1 hr 30 min
The Engineers Collective
The Engineers Collective
New Civil Engineer
The role of AI in the future of roads maintenance with FMConway and RoadBotics
The latest episode of The Engineers Collective looks at how artificial intelligence (AI) could transform how highway maintenance work is planned and prioritised.Joining NCE editor Claire Smith and features editor Nadine Buddoo special guests FM Conway consultancy director John Holliday and Roadbotics senior partner for success lead Stew Frick talk about the introduction of AI-led highway maintenance planning to the UK and discuss the challenges speed bumps and hot rolled asphalt initially presented to the task. John was instrumental in bringing RoadBotics to the UK and to date his team has surveyed more than 3,000km of road network on behalf of seven highway authorities including Highways England, Transport for London and the City of Westminster. Stew talks about the AI technology behind the system and the potential for it to be used on footpaths and feed into wider management systems in the future.The AI discussion follows on from a news update from Claire, head of content and engagement Rob Horgan and reporter Catherine Kennedy about futuristic and aspirational engineering projects that have been inspiring NCE’s readers in the last few weeks. The Engineers Collective is powered by Bentley Systems. Around the world, engineers and architects, constructors and owner-operators are using Bentley’s software solutions to accelerate project delivery and improve asset performance for transportation infrastructure that sustains our economy and our environment. Together, we are advancing infrastructure. Find out more at www.bentley.com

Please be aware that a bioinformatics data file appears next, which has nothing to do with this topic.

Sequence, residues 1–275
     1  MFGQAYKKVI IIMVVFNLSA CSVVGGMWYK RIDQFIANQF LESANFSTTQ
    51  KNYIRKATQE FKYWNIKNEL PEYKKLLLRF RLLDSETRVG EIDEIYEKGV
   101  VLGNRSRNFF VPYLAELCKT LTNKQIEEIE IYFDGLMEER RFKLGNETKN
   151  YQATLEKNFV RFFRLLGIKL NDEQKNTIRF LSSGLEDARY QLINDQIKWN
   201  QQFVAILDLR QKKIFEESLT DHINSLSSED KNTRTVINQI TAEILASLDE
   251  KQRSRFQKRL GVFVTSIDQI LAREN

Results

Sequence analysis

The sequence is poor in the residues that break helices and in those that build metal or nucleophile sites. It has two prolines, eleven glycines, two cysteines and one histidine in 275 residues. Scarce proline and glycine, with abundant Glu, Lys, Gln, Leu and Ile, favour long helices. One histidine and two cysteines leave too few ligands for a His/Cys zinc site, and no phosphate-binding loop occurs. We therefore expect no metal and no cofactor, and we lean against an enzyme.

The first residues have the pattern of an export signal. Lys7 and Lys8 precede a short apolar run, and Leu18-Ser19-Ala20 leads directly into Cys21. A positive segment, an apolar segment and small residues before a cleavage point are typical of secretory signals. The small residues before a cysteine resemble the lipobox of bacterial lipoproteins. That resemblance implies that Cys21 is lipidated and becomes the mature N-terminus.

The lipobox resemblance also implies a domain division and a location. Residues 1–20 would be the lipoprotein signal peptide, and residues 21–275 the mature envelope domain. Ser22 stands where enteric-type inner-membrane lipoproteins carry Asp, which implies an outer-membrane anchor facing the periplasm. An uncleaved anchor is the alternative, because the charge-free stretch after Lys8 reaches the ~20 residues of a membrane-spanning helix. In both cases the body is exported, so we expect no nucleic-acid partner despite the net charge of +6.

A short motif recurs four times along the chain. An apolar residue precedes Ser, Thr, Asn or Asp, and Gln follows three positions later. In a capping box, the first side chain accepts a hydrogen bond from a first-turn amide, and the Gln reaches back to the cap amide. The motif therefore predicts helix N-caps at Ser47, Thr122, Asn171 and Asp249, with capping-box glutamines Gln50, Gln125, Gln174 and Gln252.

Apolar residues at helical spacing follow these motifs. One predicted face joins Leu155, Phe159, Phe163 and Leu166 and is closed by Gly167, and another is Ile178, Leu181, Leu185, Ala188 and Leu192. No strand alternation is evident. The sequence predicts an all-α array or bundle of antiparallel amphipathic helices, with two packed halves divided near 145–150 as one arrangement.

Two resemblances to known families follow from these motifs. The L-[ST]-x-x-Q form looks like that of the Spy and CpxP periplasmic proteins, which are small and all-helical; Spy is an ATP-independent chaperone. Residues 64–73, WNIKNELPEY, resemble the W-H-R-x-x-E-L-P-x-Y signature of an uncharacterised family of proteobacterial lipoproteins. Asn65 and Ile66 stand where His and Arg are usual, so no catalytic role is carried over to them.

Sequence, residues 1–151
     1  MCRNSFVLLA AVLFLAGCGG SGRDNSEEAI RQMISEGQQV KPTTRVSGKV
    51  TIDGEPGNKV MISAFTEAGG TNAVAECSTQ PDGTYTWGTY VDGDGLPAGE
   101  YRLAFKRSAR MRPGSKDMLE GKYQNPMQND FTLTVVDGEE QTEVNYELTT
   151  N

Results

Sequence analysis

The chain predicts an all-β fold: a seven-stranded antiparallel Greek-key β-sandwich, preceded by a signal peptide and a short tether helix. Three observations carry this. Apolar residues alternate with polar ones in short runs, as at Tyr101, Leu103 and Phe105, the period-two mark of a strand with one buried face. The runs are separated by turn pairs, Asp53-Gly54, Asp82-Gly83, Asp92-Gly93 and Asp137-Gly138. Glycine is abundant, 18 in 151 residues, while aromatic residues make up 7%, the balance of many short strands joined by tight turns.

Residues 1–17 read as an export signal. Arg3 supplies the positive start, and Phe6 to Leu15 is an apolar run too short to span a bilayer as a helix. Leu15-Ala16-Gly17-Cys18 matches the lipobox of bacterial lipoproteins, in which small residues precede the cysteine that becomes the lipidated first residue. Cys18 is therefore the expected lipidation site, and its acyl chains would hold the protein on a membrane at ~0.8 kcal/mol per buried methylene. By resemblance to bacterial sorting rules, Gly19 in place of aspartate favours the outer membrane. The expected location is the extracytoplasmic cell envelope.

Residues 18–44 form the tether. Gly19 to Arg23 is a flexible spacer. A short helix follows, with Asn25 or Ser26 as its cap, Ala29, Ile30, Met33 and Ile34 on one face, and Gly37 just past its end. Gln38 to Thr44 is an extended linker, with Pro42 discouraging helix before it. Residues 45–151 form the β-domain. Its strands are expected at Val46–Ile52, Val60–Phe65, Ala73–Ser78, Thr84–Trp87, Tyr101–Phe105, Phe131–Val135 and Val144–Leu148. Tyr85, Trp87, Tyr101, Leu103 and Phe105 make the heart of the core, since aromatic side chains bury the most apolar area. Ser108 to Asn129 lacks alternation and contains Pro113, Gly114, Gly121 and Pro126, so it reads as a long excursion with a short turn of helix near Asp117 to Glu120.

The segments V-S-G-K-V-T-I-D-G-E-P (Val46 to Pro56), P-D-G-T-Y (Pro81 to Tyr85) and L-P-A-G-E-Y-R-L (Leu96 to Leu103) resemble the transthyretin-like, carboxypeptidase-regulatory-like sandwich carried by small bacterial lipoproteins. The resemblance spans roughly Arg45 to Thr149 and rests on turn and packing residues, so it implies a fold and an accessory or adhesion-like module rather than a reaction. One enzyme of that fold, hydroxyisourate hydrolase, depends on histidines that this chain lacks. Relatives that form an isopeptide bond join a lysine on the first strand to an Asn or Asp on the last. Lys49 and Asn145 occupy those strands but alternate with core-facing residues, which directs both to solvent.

45 min
Far Flung with Saleem Reshamwala
Far Flung with Saleem Reshamwala
TED
A Black Utopia In North Carolina
“I thought I'd come to paradise,” said Jane Ball Groom upon arriving in Soul City, North Carolina. It wasn’t amenities or location that made Soul City paradise, but the promise of what it could be: a city built by Black people, for Black people. Our guests take us back to 1969 when the city was founded and built from (below) the ground up — and while the city itself was short-lived, we’ll see how the seeds it sowed laid roots for spaces that celebrate and center Black culture today. That's a wrap on the season! Share you stand out moments with host Saleem Reshamwala on Twitter (@Kidethic). For photos from the episode and more on the history of Soul City, head to the Souvenir Book of Soul City in the North Carolina digital collections. Special thanks to Shirlette Ammons who we could not do this story without, and our guests Charmaine McKissick-Melton, Jane Ball-Groom, Lianndra Davis, Lou Myers, Tobias Rose, and Derrick Beasley. Extra special thank you to Alan Thompson, who recorded the saxophone music you heard in this episode from Parish Street on Durham’s Black Wall Street. Our unsung hero for this week is Sammy Case who manages the cross-promotions for all of TED's podcasts - if you found Far Flung with Saleem Reshamwala from one of your other favorite shows, she’s the reason why! Far Flung with Saleem Reshamwala is produced by Jesse Baker and Eric Nuzum of Magnificent Noise for TED. Our host is Saleem Reshamwala. Our production staff includes Hiwote Getaneh, Sabrina Farhi, Kim Nederveen Pieterse, Elyse Blennerhassett, Angela Cheng, and Michelle Quint, with the guidance of Roxanne Hai Lash and Colin Helms. Our fact-checker is Abbey White. This episode was mixed and sound designed by Kristin Mueller. We're doing a survey! If you have a minute, please take it at surveynerds.com/farflung. It really helps make the show better.